Execution

With the garment inside out, insert the threaded needle and secure the thread to the fabric with a knot or two.

With the garment inside out, insert the threaded needle and secure the thread to the fabric with a knot or two.

1. The first thing you do is to turn the garment inside out. While the majority of the sewing process happens on the outside of the garment, you will start and finish the sewing on the inside of the garment to hide the knots which will ensure that your stitches remain intact. As I am right-handed I use my right hand to sew with, while my left hand stays on the reverse side of the fabric to keep it neat for sewing and to avoid accidentally sewing this side of the garment onto another side of it.

2. Locate the rupture and insert the needle 5-10 mm from where it starts. Mending a rupture is about connecting the “healthy”/intact material around the hole in the most invisible way possible. In my case, I start about 5 mm down from the current rupture which is where I already have sewn the previous rupture together with strong thread.

3. You pull the needle and thread through your entry point till you have about 5 cm of thread sticking out from the entry point. Then you tie 2-4 knots with this end, till you feel that the thread is securely fastened to the fabric. Stick the needle out through the fabric (so it ends up on the outside of the garment, which you can’t see at this point) about 1-2 mm from your entry point, in the direction you are planning to sew.

4. Now, you turn the garment so the outside gets to be out again. The threaded needle should be ready for sewing onwards if you followed the previous step to the end. What you then do is to insert the needle into the fabric horizontally so that you connect the two “healthy” edges around the rupture with one another. Typically, this will be about 1-2 mm from the rupture itself. The further from the rupture you sew, the more visibly  the mending will be, so try to keep it narrow while still making sure you are sewing in healthy fabric.

5. Pull the needle and thread completely through (still keeping to the outside of the fabric), so you create the first stich. Be aware, however, that you don’t pull the thread so tightly that the stitch gets tightened to the point of bursting. It should be neat and firm, but not overly tight. If you created the first stitch sewing from right to left, your next stitch will be from left to right, and then from right to left, and so on. Try to sew your stitches with equal distance in between (1-2 mm depending on the fabric) as well as equal in length and tightness.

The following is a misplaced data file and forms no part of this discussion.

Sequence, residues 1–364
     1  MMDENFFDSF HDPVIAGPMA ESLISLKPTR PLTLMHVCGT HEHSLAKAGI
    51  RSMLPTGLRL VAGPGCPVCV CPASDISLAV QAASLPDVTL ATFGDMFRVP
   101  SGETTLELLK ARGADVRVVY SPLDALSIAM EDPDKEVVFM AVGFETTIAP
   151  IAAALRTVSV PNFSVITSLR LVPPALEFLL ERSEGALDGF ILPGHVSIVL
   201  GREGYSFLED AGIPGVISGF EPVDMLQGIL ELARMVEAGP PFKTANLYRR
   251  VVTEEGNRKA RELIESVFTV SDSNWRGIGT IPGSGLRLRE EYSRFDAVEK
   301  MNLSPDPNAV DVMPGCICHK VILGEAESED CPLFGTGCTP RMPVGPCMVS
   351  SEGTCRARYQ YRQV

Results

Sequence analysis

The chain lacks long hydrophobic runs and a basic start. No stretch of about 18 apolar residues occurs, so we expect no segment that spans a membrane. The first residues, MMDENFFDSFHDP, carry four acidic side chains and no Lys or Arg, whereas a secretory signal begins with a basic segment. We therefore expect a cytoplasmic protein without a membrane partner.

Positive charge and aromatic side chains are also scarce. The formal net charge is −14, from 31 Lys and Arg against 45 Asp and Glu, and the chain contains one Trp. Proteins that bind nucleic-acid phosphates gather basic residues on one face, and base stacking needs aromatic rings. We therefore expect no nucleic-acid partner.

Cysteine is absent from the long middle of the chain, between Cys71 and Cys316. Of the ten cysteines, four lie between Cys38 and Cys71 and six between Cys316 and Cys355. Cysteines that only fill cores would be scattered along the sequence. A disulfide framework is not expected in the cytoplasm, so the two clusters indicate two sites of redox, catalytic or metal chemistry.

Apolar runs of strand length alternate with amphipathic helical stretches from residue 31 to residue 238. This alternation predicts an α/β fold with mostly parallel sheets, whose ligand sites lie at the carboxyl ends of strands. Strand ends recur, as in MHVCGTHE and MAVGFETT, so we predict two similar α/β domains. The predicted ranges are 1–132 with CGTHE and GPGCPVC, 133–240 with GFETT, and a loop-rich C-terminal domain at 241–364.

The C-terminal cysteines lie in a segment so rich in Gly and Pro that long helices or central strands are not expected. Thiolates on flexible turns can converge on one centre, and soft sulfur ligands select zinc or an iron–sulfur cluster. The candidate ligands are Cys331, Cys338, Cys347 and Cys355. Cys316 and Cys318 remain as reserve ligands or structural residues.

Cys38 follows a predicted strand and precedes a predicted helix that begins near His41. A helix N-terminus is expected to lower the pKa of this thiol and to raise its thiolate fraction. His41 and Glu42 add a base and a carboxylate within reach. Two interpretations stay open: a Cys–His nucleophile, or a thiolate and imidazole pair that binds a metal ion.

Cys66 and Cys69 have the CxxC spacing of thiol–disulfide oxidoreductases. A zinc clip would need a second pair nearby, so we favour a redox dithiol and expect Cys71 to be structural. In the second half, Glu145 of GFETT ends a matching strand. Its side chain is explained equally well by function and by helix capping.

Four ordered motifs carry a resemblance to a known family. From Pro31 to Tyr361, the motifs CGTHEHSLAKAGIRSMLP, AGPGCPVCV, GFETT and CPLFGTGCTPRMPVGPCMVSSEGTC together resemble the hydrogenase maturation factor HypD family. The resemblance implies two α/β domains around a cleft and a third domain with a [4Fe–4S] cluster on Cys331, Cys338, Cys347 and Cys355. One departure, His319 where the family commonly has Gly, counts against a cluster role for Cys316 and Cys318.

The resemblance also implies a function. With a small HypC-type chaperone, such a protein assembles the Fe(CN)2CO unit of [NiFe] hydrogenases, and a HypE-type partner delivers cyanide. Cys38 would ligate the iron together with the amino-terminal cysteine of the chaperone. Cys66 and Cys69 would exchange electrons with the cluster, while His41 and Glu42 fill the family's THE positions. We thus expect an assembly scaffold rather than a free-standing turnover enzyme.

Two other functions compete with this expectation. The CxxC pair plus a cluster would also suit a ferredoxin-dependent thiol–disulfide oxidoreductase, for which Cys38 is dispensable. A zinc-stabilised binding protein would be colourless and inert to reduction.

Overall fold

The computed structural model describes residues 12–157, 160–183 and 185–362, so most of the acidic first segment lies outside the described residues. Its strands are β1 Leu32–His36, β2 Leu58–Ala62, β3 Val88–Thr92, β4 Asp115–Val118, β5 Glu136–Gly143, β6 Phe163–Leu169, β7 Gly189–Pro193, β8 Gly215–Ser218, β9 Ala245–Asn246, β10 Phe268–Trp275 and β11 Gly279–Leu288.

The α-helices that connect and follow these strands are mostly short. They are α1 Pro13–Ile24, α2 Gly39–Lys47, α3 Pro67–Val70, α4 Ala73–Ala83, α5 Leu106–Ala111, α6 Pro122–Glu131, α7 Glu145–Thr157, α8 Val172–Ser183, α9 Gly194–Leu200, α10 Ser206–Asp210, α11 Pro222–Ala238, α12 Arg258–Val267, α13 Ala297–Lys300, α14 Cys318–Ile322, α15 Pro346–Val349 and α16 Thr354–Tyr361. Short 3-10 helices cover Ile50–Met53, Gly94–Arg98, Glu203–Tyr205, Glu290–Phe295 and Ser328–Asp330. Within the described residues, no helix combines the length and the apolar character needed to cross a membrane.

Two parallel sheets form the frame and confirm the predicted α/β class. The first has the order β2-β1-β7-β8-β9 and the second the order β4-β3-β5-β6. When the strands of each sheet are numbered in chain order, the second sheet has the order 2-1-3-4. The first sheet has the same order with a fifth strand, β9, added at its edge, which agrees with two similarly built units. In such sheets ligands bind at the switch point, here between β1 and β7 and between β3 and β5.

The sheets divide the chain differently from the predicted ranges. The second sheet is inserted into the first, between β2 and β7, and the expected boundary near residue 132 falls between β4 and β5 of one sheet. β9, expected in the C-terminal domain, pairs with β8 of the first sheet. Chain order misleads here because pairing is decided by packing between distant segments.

6.  When you have sewn together the entire rupture, you continue for another 5-10 mm but now you should make the stitches gradually shorter and shorter. After this is done, you stick the needle through the fabric, so it ends up on the inside of the garment (which you can’t see at this point).

7. To conclude the mending, turn the garment inside out once again. Insert the needle into the fabric one last time, but only pull so much thread through the entry point that you on each side have enough thread to comfortably tie 3-4 knots, till you feel that the thread is securely fastened to the fabric and your stitches will remain safely in place. Then cut off the remaining thread a few millimeters from the knots you made. You can do the same with the superfluous thread at your starting point, so you don’t have these two dangling threads inside the garment. Done!

The Result

The mended rupture can only be seen if you are up-close and looking for it, but from a normal distance it is pretty invisible. The stitching can be felt if you purposely run your fingers over it, but otherwise it is not something I will feel or pay attention to when wearing it. Mission accomplished.

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Post Author

Post Author

Laura P.

I loved to climb trees when I was a child – as an adult I use these skills for climbing and scrambling up mountain sides! I always wear a Merino baselayer, sunscreen and my hair tousled.